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Here's the trailing unit.  Looks just like the lead unit, except the top headlights are not on. That's George Jones, another CVMRR member, to the side watching it go past.

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There's a better shot of George! I don't know the identity of the other gentleman. The grinder is just moving into downtown White River Junction.  The former Boston & Maine steam locomotive, #494, is just down the tracks, obscured by the railgrinder. I got a shot of the railgrinder and the steam locomotive, but the shot was too blurry to put up here.  I need a tripod :-) For info on the restoration of the 494, see the website by clicking on this link.

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I got a ride in John Roger's restored 1941 GMC pickup truck down to Nut Street Crossing, where I caught this shot of the railgrinder train!  John is our Club treasurer.

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As the sun was setting, John got me back in the pickup and headed down the road to a curve he knew where we could catch the grinder in action.  Here's a shot of the shower of sparks that the grinders threw out as they took the pits out of the top of the rail.  This pitting is caused by flat spots on wheels pounding the rail head.  If not ground, the pitting can become worse and create dangerous conditions. It also makes for a less than pleasant ride for Amtrak passengers, or so I'm told.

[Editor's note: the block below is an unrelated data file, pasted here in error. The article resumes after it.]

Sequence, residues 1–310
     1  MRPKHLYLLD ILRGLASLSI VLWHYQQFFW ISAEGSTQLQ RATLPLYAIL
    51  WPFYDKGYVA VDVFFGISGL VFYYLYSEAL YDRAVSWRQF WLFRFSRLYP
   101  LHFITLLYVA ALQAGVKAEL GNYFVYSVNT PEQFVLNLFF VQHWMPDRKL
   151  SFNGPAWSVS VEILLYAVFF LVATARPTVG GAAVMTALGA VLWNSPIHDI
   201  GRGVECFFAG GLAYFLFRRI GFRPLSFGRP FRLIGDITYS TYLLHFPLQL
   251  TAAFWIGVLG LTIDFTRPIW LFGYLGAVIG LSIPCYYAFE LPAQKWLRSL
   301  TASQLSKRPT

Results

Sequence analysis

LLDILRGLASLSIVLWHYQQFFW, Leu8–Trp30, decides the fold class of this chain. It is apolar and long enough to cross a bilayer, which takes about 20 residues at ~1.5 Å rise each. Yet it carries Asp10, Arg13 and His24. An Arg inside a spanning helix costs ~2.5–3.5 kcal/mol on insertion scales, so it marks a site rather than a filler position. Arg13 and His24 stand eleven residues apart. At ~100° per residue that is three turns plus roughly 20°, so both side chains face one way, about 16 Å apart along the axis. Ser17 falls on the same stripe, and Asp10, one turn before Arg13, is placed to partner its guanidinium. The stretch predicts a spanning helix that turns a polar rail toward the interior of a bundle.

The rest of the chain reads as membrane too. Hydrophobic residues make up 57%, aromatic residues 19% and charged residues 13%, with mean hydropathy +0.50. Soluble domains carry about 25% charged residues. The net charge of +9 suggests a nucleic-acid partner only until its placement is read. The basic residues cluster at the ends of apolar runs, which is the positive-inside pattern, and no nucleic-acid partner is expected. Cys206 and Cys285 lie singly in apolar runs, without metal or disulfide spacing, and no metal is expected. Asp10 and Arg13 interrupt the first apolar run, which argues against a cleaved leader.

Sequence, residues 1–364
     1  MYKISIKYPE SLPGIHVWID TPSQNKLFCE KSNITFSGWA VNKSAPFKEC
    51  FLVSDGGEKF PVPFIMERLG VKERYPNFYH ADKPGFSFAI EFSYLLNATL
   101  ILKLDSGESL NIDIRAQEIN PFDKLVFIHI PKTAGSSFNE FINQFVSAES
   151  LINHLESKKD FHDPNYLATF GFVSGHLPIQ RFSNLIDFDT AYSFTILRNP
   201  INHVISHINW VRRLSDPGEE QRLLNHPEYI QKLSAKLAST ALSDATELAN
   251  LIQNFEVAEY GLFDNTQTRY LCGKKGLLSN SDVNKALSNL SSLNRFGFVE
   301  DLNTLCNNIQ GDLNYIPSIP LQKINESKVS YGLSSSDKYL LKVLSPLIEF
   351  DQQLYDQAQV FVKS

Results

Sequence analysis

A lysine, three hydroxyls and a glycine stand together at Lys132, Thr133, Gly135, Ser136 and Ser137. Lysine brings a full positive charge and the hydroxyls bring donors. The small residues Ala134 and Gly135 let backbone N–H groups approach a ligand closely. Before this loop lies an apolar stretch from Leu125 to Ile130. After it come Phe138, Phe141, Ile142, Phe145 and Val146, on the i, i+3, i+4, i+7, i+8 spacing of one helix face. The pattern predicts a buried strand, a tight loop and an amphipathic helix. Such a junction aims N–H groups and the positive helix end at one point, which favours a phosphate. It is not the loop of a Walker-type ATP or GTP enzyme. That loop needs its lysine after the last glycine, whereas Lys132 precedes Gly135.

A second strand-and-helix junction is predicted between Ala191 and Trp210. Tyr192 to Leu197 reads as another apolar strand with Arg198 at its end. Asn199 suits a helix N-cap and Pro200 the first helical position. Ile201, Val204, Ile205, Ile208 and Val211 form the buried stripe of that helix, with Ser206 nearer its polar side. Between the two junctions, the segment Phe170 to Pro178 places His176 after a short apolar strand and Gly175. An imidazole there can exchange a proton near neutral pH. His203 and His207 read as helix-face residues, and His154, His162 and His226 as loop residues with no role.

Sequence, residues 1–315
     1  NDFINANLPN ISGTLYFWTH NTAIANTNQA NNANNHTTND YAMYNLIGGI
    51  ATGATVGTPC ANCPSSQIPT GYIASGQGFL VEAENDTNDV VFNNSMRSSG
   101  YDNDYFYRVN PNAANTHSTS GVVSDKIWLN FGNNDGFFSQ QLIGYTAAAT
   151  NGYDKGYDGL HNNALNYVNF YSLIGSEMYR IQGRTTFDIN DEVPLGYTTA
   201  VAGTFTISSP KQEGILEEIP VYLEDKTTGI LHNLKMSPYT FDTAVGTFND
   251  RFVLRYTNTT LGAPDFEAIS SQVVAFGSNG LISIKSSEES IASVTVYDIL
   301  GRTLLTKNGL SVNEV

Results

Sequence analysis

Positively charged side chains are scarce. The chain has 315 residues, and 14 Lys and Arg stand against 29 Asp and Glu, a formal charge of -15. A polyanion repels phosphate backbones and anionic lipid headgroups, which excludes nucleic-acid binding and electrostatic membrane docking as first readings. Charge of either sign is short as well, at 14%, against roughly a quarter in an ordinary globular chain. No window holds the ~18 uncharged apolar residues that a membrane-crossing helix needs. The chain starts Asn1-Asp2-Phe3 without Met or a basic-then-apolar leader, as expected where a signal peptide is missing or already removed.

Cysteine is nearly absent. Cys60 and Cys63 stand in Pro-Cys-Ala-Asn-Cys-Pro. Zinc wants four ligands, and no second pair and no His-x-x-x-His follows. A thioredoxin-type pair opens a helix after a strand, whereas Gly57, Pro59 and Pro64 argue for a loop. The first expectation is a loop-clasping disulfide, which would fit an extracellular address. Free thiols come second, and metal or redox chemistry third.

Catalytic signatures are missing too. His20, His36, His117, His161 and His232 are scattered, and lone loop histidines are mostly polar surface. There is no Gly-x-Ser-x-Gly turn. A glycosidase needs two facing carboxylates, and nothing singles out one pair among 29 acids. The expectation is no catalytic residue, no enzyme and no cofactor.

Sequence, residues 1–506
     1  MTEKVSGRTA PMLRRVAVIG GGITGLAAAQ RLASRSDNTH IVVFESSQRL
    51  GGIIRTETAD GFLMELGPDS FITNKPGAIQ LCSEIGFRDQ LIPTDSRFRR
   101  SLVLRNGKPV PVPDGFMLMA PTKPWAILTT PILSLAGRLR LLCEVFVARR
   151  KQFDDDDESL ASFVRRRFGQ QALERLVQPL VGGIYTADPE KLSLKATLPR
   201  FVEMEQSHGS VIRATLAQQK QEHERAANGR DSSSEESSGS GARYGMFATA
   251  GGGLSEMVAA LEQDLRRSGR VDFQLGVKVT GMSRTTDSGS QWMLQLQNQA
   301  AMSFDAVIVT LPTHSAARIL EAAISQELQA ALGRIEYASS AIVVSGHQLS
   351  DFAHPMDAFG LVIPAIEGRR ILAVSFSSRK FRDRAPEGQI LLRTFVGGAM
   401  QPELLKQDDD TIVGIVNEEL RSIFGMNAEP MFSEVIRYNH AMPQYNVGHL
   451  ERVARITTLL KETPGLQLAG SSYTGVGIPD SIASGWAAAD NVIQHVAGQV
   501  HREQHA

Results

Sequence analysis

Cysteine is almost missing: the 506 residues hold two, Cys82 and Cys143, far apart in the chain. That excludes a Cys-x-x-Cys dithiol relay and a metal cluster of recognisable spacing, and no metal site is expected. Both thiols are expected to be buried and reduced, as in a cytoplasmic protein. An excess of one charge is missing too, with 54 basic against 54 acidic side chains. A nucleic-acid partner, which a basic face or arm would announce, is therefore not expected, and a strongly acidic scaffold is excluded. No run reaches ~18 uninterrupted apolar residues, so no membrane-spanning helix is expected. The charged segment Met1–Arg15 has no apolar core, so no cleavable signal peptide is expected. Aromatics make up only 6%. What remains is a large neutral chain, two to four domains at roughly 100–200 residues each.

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Here's a closeup of those grinders in action.  Don't worry, I was on the side of the public road.  I just used the telephoto capability of the Nikon Coolpix 950.  Believe me, I was not ready to get hauled off for tresspassing.   Nor was I about to get too close to that shower of sparks!

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 The local fire departments had to come out and watch several brush fires started by the grinders' actions.  The grinder train did back up several times to allow the water cannons at each end a chance to soak any sparks, but northern New England has had a very dry spring and the ever-vigilant Fire Departments weren't taking any chances!  You can see why.  Here's a shot of the lead unit.

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And here's a last shot looking  towards the head of the train as it continues to grind its way south toward Windsor.  This is the last shot I got before it was too far from the road for good photos.  I went home just after this shot, happy to have caught a little piece of railroading on "film."  Of course the crew of this unit worked all through the night.  I wonder what it's like trying to sleep offshift while that unit is in action?

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From here you can go to:

The Connecticut Valley Model Railroad Club's website.

Dave Bott's Southern Railway History, Modeling and Railfan website

Dave Bott's Atlantic & Yadkin Railway website.

The Southeastern Model Railroaders Forum  website.

 

 

This website and all images associated with it are copyrighted by David M. Bott.

Last edited August 26, 1999.